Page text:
Table of Contents Author Guidelines Submit a Manuscript
International Journal of Endocrinology
Volume 2018, Article ID 4528704, 7 pages
https://doi.org/10.1155/2018/4528704
Research Article

Association between Dietary Patterns and Precocious Puberty in Children: A Population-Based Study

1Pediatric Translational Medicine Institute, Shanghai Children’s Medical Center, Shanghai Jiao Tong University School of Medicine, Shanghai, China
2School of Public Health, Shanghai Jiao Tong University School of Medicine, Shanghai, China
3Department of Endocrine and Genetic Metabolic Diseases, Shanghai Children’s Medical Center, Shanghai Jiao Tong University School of Medicine, Shanghai, China
4Shanghai Key Laboratory of Children’s Environmental Health, Xinhua Hospital, Shanghai Jiao Tong University School of Medicine, Shanghai, China
5Child Health Advocacy Institute, Shanghai Children’s Medical Center, Shanghai Jiao Tong University School of Medicine, Shanghai, China
6Department of Developmental and Behavioral Pediatrics, Shanghai Children’s Medical Center, Shanghai Jiao Tong University School of Medicine, Shanghai, China
7Department of Data Science, University of Mississippi Medical Center, Jackson, MS, USA

Correspondence should be addressed to Shijian Liu; nc.moc.cmcs@naijihsuil and Fan Jiang; nc.ude.umshs@gnaijnaf

Received 23 January 2017; Revised 11 September 2017; Accepted 20 September 2017; Published 16 January 2018

Academic Editor: Małgorzata Kotula-Balak

Copyright © 2018 Chang Chen et al. This is an open access article distributed under the Creative Commons Attribution License, which permits unrestricted use, distribution, and reproduction in any medium, provided the original work is properly cited.

Abstract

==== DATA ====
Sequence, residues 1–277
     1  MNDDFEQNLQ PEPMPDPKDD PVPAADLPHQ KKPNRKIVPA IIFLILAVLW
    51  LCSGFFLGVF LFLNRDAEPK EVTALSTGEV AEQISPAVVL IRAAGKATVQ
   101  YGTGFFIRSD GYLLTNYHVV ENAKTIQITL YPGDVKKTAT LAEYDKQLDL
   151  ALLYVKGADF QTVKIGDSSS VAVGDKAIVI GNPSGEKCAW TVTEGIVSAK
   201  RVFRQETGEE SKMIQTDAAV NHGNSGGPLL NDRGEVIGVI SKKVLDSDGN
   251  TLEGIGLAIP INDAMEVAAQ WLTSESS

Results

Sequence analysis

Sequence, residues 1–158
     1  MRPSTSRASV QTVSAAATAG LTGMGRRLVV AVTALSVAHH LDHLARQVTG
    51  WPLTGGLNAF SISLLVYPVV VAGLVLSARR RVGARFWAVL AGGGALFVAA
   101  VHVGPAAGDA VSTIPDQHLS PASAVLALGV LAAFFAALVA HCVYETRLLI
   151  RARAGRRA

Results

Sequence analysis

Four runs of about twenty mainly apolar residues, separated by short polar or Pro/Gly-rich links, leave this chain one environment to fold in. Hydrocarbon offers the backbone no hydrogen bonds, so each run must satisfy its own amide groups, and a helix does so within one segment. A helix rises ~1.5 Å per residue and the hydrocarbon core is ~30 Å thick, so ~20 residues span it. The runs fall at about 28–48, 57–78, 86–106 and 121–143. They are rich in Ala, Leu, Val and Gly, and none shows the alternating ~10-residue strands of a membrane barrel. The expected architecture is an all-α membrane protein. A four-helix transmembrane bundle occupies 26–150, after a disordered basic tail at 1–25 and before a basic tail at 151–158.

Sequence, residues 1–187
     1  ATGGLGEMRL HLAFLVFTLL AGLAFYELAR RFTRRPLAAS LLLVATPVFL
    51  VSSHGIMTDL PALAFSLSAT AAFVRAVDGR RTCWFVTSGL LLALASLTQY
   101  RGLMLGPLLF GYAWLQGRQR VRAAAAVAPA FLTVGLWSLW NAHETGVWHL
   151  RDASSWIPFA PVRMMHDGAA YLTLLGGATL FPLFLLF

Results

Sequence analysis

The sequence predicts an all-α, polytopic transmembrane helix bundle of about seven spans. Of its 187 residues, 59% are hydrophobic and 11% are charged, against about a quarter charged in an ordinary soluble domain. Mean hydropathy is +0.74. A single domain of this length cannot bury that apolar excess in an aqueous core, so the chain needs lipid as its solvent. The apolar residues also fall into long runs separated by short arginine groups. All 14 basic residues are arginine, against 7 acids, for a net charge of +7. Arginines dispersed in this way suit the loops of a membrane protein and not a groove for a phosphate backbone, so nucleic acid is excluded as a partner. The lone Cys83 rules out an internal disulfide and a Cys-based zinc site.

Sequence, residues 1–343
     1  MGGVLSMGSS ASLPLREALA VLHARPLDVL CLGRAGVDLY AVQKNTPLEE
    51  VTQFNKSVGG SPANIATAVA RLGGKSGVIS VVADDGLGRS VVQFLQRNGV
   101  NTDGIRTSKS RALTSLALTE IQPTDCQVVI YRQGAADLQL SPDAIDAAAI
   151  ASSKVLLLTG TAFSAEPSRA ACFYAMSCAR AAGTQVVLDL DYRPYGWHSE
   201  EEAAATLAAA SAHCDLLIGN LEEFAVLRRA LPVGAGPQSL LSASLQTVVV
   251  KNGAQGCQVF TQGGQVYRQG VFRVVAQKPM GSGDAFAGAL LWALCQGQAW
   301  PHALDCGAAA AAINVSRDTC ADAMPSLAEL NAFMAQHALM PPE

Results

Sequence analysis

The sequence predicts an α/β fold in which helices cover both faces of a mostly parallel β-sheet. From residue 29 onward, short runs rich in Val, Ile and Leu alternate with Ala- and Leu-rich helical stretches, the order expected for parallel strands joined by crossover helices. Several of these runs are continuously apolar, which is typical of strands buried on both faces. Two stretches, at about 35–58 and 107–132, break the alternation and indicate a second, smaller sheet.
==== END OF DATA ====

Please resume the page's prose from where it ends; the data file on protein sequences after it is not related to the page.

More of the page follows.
Objective. The aim of the present study was to investigate the association between dietary patterns and precocious puberty among Shanghai children. Methods. A cross-sectional study was conducted among Shanghai children by multistage stratified cluster random sampling in June 2014. Diet was assessed using a simplified food frequency questionnaire (FFQ). Height, weight, and Tanner stages of breast development, pubic hair growth, and testicular volume were carefully measured. Exploratory factor analysis was used to identify dietary patterns, and logistic regression analysis was used to assess the association between dietary patterns and precocious puberty. Results. Three distinct dietary patterns, “traditional diet,” “unhealthy diet,” and “protein diet,” were established. Neither the “traditional diet” pattern nor the “protein diet” pattern showed any association with precocious puberty, taking gender, BMI, and adjustment factors into consideration. The “unhealthy diet” pattern was significantly positively associated with precocious puberty in both boys (OR = 1.24, 95% CI = 1.02–1.51) and girls (OR = 1.31, 95% CI = 1.10–1.56). The relationship remained positive only for girls (OR = 1.25, 95% CI = 1.04–1.49) after adjustment for age and BMI but statistically nonsignificant after further adjustment for socioeconomic factors in both boys and girls. Conclusions. Dietary patterns were found to be related to precocious puberty among Shanghai children.